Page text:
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12/28/17: The doctor is in: Paul LaFontaine, MD, on updated PSA testing guidelines

Paul LaFontaine, MD, a urologist with Emerson Urology Associates in Concord, answers questions on the role prostate-specific antigen (PSA) screenings play in detecting prostate cancer.

Paul LaFontaine, MDThere were headlines in the spring about new guidelines for prostate-specific antigen (PSA) testing. Was this newsworthy?

Yes, because the announcement from the U.S. Preventive Services Task Force (USPSTF) brought its recommendation more in line with what other major professional groups have been saying for some time: that a decision about PSA screening for prostate cancer should be made after discussion between a patient and his physician.

Now the USPSTF, American Urological Association and American Cancer Society (ACS) all pretty much agree that men between ages 55 and 69 might benefit from having a PSA test.

The ACS recommends that PSA testing be considered beginning at 50 and in men in their 40s if they have a strong family history of prostate cancer. I’ve diagnosed patients in their late 40s with advanced prostate cancer, so I agree with this.

Have your patients been confused about whether or not to have the PSA test?

Yes, because it was the standard screening for a number of years. Five years ago, the USPSTF, an independent panel of experts, recommended against routine PSA screening. The fact is, the PSA test has limitations. The higher the score, the more predictive the test is. Certainly a lot more men are diagnosed with prostate cancer than die of prostate cancer — only one in six do — and there are men with prostate cancer who don’t require treatment.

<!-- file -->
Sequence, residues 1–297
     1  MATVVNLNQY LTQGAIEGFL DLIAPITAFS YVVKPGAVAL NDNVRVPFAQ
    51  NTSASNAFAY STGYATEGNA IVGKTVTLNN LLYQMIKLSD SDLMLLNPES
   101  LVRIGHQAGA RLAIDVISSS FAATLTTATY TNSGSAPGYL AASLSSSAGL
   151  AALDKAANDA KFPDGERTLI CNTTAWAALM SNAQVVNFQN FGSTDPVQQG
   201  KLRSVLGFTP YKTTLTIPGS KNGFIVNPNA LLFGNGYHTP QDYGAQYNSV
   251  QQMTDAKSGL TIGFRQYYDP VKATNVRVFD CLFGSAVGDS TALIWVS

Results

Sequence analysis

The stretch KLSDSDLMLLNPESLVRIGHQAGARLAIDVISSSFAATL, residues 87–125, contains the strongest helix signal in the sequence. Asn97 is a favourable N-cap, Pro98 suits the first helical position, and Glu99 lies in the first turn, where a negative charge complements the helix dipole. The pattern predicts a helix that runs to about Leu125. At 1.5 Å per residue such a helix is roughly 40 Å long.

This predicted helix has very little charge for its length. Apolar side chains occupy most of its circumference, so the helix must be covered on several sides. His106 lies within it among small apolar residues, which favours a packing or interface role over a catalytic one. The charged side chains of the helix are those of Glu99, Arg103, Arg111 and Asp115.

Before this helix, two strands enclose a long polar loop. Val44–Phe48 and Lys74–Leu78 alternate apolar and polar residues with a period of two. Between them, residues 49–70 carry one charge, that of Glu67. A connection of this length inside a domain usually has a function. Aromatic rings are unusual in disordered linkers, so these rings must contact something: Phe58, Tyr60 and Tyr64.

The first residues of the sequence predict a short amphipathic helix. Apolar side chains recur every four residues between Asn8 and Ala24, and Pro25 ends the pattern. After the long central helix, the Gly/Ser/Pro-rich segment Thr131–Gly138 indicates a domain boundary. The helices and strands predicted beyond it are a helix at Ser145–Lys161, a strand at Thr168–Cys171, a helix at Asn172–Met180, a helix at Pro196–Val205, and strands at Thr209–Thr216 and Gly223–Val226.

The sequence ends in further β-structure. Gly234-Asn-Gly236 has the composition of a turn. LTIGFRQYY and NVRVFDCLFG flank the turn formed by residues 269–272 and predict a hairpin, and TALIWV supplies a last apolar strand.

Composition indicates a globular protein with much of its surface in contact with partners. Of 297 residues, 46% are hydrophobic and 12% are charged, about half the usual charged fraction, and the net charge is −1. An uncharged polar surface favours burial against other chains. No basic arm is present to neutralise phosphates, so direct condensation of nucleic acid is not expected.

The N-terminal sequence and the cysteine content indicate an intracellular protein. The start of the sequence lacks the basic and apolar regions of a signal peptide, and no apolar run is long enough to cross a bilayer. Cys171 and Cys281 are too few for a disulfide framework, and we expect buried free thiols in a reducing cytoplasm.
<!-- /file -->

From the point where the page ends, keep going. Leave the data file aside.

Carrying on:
For example, in performing a biopsy, we use the Gleason grading system, with scores of 2-10 to determine a patient’s prognosis. Many men with Gleason 6 or lower prostate cancers will have very slow-growing cancers that don’t require aggressive treatment.

What needs to be covered during the patient-physician discussion about PSA testing?

We discuss the patient’s family history. If someone has a strong family history of prostate cancer, or if they are African-American, we direct them toward screening beginning at age 45. Once the PSA test has been performed, we tend to categorize patients according to the most current data. If a man’s PSA number is between 4 and 10, there is a 25 percent chance that he has prostate cancer. If a 65-year-old man has a PSA of 9.9, he might want to be proactive, and we discuss further screening and possibly a biopsy. If that same guy had a PSA of 4.1, it may be more reasonable for him to take a conservative approach to his PSA and monitor it over time.

For some men, is active surveillance the right approach?

It usually is for low-risk guys. Active surveillance, also known as “watchful waiting,” typically consists of PSA testing, an examination and possibly a repeat prostate biopsy to make sure that his cancer hasn’t progressed. One of the problems with PSA screening in the past is that we over-diagnosed people and, as a result, over-treated them. That’s because the test originally was developed as a way to follow men who had been diagnosed with prostate cancer; we later determined the test had limitations.

Today, many men avoid radiation or surgery in favor of active surveillance, which can help them decide to delay treatment. The more fortunate men will never require treatment.

Are there any new ways of diagnosing or monitoring prostate cancer?

There is an alternative to the PSA test, called the 4Kscore, which combines four biomarkers with clinical information to stratify a man’s risk. The Prostate Health Index consists of three blood tests that produce an overall score that helps interpret a high PSA test score. Today MRI scans are being used to evaluate men who have an elevated PSA. If a man says, “my PSA is high, but I don’t want a biopsy,” we can consider performing an MRI. If the results look good, we assume he is fine. If not, we obtain a biopsy.

I believe that, eventually, there will be a molecular test that analyzes a man’s DNA to determine the presence of specific proteins or a sequence of proteins. Based on that information, we will be able to answer the question: treat or don’t treat?

For more information on Emerson Urology Associates or to schedule an appointment with Dr. Paul LaFontaine, call 978-287-8950.